Often the first thing I tell potential clients is to get a pre-approval letter if they don't already have one. This is important for two reasons. First, because the pre-approval letter tells both the buyer and the agent what they can afford rather
then making an assumption based on their income and holdings. Visiting homes that are priced over what you are qualified for is a sure road to disappointment and frustration.
Second, it shows that you are really serious about buying. Buyers who drag their feet on getting a pre-approval tend to be not as committed to the process. Should you find the perfect home, without a pre-approval letter to submit with an offer, chances are that another buyer who is properly prepared will make an offer that will be taken seriously by the seller. A pre-approval letter often makes the difference between an acceptance and disappointment.
A pre-approval letter is different then a pre-qualification. If you
call up a lender and say "here is about what I make and I don't have
any debt," then the lender will give you a pre-qualification. This is
basically worthless. You can't get a loan based on suspect details.
However, when the lender asks you for pay stubs, information about
properties and stocks and other assets and you provide those documents
then a pre-approval letter can be issued. This is worth something. We
can walk into an offer for a home and can provide the seller with some
proof you can buy the house. Now nothing is set in stone until the
lender's underwriter reviews your financial history and portfolio. So
don't buy that car or other big purchase item while under contract, it
will come back to bite you and you could loose that house.
There are three ways to have a lender write a pre-approval letter
(there are more but these will suffice):
1. Written with the full amount you can borrow
This might be used to show how strong you are if the offer price is
considerably lower then your purchasing threshold. This can backfire if
you are not a strong buyer or the house price is right at your limit.
2. Written with the amount you are offering for the home
With this pre-approval, the seller now knows you are approved at least up to that amount, possibly more. This allows you to keep your cards close to your chest, especially if you are under bidding and want the seller to think you might not be able to go any higher.
3. Written with just the address of the home.
This allows you not to disclose how much you can truly afford, keeping the seller guessing. This can be useful in bidding wars where you want to set the amount you
are willing to pay and not be stuck in the assumption that you are a weak buyer who can't go up any more or a strong one who can go much higher. However this doesn't mean you will win only that you can afford the home and "may" be able to go higher.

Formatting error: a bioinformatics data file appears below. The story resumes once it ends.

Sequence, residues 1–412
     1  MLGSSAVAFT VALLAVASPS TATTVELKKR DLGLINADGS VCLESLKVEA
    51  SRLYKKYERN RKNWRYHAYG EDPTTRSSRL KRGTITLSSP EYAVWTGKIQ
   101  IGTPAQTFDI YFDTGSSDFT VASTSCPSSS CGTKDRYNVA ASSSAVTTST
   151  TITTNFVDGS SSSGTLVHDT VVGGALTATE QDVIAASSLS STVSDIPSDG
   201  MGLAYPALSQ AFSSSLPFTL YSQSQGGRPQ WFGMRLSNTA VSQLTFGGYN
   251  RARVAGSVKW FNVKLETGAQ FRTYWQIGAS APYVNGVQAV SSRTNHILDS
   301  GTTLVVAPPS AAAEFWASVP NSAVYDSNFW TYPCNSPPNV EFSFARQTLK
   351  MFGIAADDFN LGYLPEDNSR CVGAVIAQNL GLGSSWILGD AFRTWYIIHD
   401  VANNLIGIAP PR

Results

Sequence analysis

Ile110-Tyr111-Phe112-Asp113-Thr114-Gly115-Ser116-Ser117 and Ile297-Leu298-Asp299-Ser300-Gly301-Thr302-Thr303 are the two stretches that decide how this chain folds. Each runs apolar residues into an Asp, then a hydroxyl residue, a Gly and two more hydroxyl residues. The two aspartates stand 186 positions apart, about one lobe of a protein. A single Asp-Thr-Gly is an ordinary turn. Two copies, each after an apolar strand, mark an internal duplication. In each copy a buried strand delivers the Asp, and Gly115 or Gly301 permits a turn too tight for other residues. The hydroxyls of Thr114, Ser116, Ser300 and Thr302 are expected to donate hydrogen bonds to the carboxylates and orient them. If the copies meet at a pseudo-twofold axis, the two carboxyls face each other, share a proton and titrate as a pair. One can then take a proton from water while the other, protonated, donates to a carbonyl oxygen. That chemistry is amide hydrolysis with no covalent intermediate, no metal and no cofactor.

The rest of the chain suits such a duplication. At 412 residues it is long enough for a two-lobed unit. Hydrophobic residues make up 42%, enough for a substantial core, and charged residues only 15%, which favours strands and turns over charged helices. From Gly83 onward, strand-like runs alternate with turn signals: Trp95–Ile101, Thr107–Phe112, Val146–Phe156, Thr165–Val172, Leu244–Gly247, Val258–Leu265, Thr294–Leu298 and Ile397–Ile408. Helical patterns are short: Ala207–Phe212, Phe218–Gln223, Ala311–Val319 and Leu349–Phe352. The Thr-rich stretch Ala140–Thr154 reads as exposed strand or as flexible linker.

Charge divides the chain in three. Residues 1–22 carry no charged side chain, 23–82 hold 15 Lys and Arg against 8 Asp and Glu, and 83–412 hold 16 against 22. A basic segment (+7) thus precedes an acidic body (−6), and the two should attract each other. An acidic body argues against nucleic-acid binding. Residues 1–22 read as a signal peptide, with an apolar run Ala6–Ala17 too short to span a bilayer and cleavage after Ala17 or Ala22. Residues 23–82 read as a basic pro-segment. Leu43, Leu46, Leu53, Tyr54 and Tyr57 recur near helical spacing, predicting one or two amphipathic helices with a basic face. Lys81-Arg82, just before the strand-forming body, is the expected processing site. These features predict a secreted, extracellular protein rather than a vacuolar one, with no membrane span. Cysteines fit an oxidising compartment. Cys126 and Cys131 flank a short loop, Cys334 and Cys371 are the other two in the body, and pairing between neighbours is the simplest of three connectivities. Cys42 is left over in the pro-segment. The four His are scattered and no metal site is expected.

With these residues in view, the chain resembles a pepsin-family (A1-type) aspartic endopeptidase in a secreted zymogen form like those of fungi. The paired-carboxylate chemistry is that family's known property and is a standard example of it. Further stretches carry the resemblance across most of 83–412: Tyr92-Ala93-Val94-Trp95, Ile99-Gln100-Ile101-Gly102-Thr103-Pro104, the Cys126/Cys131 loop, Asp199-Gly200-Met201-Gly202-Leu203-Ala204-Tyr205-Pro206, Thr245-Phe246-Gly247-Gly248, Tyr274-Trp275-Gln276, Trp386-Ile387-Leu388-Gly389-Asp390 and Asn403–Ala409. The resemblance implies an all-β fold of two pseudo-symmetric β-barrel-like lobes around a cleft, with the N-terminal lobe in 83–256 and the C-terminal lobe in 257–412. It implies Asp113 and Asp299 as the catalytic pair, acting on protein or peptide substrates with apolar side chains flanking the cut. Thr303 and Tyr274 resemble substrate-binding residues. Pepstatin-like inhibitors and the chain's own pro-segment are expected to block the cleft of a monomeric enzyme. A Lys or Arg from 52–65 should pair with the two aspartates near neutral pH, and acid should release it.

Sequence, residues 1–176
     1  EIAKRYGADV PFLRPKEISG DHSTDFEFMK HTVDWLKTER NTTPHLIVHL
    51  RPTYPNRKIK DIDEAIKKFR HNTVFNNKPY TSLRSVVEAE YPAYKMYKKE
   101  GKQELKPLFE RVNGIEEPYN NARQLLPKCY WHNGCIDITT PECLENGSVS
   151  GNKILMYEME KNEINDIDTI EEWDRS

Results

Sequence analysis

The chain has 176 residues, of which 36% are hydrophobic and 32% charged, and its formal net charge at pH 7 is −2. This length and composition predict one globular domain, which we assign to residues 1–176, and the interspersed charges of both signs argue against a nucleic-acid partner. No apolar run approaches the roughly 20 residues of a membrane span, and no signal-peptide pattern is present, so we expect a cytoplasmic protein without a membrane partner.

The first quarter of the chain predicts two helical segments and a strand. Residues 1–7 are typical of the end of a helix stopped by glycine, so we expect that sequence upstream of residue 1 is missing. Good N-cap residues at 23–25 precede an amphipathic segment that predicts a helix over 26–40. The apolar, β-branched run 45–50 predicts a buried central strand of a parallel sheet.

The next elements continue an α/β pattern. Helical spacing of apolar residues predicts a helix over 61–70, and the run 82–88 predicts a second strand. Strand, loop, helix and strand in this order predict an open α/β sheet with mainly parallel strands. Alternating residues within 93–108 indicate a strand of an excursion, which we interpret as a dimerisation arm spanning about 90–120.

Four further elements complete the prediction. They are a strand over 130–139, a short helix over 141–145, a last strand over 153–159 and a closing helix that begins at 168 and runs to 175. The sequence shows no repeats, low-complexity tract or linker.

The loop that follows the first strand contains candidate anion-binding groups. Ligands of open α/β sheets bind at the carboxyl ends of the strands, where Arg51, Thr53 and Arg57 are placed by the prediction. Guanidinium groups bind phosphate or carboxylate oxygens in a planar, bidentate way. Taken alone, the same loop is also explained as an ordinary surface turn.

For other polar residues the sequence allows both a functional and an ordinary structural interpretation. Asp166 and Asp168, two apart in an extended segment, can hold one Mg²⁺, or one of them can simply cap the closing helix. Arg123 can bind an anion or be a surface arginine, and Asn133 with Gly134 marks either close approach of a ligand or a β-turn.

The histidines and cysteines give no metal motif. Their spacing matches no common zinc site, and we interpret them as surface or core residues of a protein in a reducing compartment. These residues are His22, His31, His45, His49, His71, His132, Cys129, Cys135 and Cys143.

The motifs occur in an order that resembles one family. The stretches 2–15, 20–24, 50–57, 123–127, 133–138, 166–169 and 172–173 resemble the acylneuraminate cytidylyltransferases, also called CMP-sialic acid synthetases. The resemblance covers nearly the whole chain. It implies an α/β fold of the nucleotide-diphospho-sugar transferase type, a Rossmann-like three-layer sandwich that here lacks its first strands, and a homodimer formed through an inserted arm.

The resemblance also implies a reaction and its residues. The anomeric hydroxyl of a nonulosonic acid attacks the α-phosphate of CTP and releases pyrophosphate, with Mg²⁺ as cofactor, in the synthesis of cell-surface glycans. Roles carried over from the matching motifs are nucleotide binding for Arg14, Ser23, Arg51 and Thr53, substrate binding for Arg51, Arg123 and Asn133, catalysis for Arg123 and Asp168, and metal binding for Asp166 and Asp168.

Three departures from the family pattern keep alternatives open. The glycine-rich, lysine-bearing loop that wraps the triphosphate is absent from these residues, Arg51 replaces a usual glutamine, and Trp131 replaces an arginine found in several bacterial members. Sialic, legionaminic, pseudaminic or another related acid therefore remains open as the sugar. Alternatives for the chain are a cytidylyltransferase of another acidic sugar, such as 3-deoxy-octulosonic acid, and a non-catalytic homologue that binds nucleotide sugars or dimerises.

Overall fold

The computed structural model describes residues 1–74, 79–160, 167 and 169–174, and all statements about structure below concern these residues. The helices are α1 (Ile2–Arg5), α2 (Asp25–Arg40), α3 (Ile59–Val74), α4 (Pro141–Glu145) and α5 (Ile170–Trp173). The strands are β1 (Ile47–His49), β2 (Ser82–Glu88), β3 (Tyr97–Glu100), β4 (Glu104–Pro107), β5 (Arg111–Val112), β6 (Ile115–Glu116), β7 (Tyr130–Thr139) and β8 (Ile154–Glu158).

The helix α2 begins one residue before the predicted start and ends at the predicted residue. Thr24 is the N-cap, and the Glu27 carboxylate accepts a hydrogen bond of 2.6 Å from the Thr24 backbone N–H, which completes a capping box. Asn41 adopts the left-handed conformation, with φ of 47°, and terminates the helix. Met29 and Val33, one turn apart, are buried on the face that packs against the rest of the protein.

As your agent, I have built relationships with a variety of lenders, or can work with your lender if you should have a preference. A pre-approval letter is just one more piece of the puzzle when buying or selling a home.
What you'll need to begin the Pre-Approval Process:
Pay stubs for the most recent 30 days
Information on any other income you wish to have considered, such as part-time income, rental income, etc.
W-2's for the past two years
Name, address and phone number of landlord for the past 24 months
Previous two months bank statements on accounts (checking, savings, CD's, brokerage, mutual funds, etc.)
Most recent statements on asset bearing accounts if generated yearly or quarterly (401K, IRA, etc.)
Copy of social security card and driver's license
If you are self employed, receive commission income, or own investment properties
Previous two years signed tax returns with all schedules attached
Previous two years corporate/partnership tax returns
Year-to-date profit and loss statement (self employed only)
Current leases on investment properties with rental income
If applying for a VA Loan
VA Certificate of Eligibility
For in-service veterans, Statement of Service and recent Leave and Earnings Statement
Name and address of child care provider (if applicable)
If you have been divorced
Complete signed copy of all divorce decrees
Proof of receipt of child support payments for the last 12 months
If you have declared bankruptcy in the last 7 years
Copy of Petition/Decree, Schedule of Creditors, and copy of Discharge
If you are relocating with company benefits
Copy of company's relocation policy
Letter from employer stating effective date of transfer and new income
Copy of entire relocation buyout offer (if applicable)
Additional items if you are refinancing:
Copy of your survey
Hud-1 Settlement Statement from purchase of the home
Most recent mortgage statement on your primary loan (and 2nd lien if applicable)